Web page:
[Skip to Content]
Access to paid content on this site is currently suspended due to excessive activity being detected from your IP address Please contact the publisher to request reinstatement.
[Skip to Content Landing]
November 4, 1905


JAMA. 1905;XLV(19):1381-1385. doi:10.1001/jama.1905.52510190017001c

The question of the physiology of nutrition is a most important one. It is especially important to the physician, for without a clear idea of the subject he can not prescribe a proper dietary for the well or sick nor can he clearly understand the pathologic conditions which occur as a result of an improper amount or kind of food or the morbid conditions which result from malnutrition.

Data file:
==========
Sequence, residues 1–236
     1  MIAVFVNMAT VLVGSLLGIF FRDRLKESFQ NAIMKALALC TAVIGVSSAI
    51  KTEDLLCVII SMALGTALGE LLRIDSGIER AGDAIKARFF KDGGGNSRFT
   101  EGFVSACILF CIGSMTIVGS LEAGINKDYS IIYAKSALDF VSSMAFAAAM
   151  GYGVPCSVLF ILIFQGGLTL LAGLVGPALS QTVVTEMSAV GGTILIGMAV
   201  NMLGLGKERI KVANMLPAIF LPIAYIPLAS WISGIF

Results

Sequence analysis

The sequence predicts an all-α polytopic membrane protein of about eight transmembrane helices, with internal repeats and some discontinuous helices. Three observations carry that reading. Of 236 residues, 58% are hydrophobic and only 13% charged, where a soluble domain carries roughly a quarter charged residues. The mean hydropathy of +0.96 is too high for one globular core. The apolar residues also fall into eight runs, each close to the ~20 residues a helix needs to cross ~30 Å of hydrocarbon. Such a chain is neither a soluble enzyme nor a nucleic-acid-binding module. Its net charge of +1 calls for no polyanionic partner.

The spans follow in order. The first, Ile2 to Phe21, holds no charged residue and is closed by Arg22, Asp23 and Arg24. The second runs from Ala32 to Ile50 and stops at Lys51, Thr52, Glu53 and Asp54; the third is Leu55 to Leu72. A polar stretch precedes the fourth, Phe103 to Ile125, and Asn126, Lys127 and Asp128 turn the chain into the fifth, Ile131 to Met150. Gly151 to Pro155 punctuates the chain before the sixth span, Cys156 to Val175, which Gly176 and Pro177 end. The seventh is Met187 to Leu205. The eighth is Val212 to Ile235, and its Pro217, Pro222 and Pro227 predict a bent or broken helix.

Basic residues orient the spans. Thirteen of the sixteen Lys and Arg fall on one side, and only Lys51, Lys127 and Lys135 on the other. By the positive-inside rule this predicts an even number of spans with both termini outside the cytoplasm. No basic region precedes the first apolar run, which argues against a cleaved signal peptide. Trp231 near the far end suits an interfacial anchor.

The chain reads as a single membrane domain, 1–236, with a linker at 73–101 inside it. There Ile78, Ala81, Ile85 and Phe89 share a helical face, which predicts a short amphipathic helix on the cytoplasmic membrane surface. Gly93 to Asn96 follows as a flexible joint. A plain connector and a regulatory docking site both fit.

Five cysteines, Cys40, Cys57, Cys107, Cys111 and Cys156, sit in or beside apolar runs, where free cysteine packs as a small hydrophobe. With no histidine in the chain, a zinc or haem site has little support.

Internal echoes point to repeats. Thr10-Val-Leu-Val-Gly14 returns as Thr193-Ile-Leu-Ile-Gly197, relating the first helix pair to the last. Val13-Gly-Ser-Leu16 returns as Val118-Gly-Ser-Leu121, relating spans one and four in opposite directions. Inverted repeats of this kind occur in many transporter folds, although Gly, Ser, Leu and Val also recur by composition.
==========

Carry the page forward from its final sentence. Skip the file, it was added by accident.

It is the belief of the layman and of many physicians, too, that the chief nutrition of food consists of the proteids, and meat is especially looked on as the food which affords strength and sustained effort. Among Europeans and Americans especially meat eating is very prevalent, chiefly for the reasons given above. Besides this, the palate is pleasantly excited by rich animal foods, and in consequence a larger amount is taken. It is too common a belief that the well-nourished body

First Page Preview View Large
First page PDF preview
First page PDF preview